On 21 January 2022, the Luxembourg financial sector supervisory authority, the Commission de surveillance du secteur financier (“CSSF”), has published a white paper (“Whitepaper”) on distributed ledger technology (“DLT”) and blockchain. The publication of this Whitepaper is a reaction to a considerable number of solicitations of the CSSF from different market participants, ranging from well-established institutions to start-ups, wishing to use DLT and blockchain for various purposes.
While the CSSF recognises the disruptive potential of the DLT and blockchain technology on the financial sector and the advantages of these technologies, it also takes its role as regulator seriously, and, therefore, wants to acquaint the different players of the financial sector with the inherent risks that come with these new technologies.
The CSSF emphasises that the Whitepaper is not a binding document, nor does it constitute a positive or a negative assessment of DLT. The purpose of the Whitepaper is to adequately inform the financial sector in order to ensure that the advantages as well as the risks of these new technologies are appropriately taken into consideration by financial and non-financial institutions providing (or intending to provide) services to the Luxembourg financial sector.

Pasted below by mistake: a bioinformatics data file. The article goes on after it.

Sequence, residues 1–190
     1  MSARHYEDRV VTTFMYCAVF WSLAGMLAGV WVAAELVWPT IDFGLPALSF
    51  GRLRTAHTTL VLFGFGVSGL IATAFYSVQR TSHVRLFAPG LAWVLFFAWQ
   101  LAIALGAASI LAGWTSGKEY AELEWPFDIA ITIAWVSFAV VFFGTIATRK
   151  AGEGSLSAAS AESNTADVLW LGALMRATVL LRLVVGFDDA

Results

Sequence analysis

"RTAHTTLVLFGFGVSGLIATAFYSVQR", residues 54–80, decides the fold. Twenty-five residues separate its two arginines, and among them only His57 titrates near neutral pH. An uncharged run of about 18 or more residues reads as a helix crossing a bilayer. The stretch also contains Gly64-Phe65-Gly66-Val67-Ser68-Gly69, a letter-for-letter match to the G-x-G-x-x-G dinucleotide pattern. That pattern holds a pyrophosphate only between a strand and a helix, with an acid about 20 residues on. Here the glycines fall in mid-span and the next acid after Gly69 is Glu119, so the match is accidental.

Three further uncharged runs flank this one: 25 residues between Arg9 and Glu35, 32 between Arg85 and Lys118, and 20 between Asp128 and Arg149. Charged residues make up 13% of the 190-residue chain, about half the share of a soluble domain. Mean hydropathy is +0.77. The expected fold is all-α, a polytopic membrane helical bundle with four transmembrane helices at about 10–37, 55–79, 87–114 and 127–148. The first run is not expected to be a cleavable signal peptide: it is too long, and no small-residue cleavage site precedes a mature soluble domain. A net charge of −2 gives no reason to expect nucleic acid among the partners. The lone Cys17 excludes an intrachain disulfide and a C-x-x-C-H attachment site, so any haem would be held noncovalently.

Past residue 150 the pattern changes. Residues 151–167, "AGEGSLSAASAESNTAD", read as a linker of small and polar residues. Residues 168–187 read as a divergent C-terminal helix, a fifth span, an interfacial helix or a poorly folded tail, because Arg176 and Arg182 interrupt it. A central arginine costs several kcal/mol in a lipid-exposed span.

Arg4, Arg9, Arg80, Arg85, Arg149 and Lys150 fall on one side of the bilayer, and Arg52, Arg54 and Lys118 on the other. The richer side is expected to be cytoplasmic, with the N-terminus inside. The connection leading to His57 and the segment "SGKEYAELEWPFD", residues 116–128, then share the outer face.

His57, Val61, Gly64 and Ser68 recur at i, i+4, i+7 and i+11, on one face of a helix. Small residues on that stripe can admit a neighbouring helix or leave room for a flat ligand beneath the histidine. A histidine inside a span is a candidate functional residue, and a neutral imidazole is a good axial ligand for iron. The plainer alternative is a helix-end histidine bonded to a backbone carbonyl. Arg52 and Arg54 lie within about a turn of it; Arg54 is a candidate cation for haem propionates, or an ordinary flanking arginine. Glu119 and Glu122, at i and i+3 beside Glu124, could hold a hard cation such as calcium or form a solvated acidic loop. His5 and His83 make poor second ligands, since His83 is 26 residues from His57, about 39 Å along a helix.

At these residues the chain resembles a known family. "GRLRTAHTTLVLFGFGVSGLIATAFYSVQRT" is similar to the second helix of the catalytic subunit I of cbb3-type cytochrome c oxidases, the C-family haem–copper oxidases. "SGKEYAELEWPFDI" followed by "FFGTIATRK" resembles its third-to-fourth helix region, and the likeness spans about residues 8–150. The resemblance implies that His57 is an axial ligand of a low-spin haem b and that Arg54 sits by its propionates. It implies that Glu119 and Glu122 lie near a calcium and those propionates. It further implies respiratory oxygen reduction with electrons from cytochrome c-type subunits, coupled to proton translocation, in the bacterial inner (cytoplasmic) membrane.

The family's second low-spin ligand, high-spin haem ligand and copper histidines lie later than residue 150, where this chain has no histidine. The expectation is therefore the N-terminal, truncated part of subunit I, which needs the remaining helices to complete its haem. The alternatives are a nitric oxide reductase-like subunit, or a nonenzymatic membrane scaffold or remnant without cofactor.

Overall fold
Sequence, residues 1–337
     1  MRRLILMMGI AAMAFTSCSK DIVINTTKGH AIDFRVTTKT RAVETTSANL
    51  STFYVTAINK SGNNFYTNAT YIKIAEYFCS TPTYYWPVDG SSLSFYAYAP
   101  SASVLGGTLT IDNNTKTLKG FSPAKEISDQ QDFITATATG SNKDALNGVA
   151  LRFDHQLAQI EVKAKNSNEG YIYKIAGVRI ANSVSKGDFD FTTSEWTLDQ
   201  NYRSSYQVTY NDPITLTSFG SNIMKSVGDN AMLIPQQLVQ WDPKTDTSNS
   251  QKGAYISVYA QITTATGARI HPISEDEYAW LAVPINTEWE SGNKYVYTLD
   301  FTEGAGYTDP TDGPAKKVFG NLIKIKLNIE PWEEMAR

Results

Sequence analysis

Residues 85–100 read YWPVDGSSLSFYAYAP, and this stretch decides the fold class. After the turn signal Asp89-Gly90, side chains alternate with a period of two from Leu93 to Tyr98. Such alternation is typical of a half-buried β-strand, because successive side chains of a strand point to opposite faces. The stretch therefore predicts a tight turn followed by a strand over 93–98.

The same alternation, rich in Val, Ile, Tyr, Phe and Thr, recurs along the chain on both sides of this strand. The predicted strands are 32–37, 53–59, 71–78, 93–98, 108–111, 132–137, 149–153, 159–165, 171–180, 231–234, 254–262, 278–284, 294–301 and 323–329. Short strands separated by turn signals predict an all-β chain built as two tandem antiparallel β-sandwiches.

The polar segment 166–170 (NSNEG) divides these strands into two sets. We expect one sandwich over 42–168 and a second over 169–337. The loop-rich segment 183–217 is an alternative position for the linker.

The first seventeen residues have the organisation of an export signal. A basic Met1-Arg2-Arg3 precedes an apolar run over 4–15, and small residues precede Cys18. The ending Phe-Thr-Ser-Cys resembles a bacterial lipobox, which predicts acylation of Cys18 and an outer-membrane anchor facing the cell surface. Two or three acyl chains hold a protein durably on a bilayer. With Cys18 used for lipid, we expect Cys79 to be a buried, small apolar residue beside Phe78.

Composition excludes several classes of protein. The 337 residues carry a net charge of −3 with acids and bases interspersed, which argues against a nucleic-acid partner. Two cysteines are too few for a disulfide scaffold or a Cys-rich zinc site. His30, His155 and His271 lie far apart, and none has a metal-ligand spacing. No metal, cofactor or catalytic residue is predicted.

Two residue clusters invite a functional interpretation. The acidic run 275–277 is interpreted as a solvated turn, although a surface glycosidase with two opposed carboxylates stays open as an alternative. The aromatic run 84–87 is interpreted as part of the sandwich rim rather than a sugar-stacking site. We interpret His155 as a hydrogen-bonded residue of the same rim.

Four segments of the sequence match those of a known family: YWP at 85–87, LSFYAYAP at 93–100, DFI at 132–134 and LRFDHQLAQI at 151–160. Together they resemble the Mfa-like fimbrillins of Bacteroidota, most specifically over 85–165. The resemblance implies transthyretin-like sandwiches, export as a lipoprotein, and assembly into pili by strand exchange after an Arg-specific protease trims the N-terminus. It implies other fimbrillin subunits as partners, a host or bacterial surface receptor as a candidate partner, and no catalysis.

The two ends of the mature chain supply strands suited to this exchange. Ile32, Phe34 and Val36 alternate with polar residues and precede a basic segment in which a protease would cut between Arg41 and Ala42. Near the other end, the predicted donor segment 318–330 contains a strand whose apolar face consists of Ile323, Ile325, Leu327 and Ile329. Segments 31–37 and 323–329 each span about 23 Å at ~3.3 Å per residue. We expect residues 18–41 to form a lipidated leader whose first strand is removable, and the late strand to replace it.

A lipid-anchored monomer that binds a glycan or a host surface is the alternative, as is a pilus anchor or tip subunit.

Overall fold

In the Whitepaper, the CSSF reiterates its technology-neutral approach when it comes to innovative projects, i.e. the legal characterisation of a project is assessed on the basis of the services provided and not of the underlying technology – a position that the CSSF has maintained over the last years.
Definition and key characteristics
In the Whitepaper, the CSSF does not only (A) provide us with its definition of ‘DLT’, but also (B) sets out, which the CSSF considers being, the two key characteristics of the DLT, namely the consensus mechanism and the usage of cryptography.
“DLT is a technology allowing a network of independent and often geographically dispersed computers to update, share and keep a definitive record of data (e.g. information, transactions) in a common decentralised database in a peer-to-peer way, without the need for a central authority.”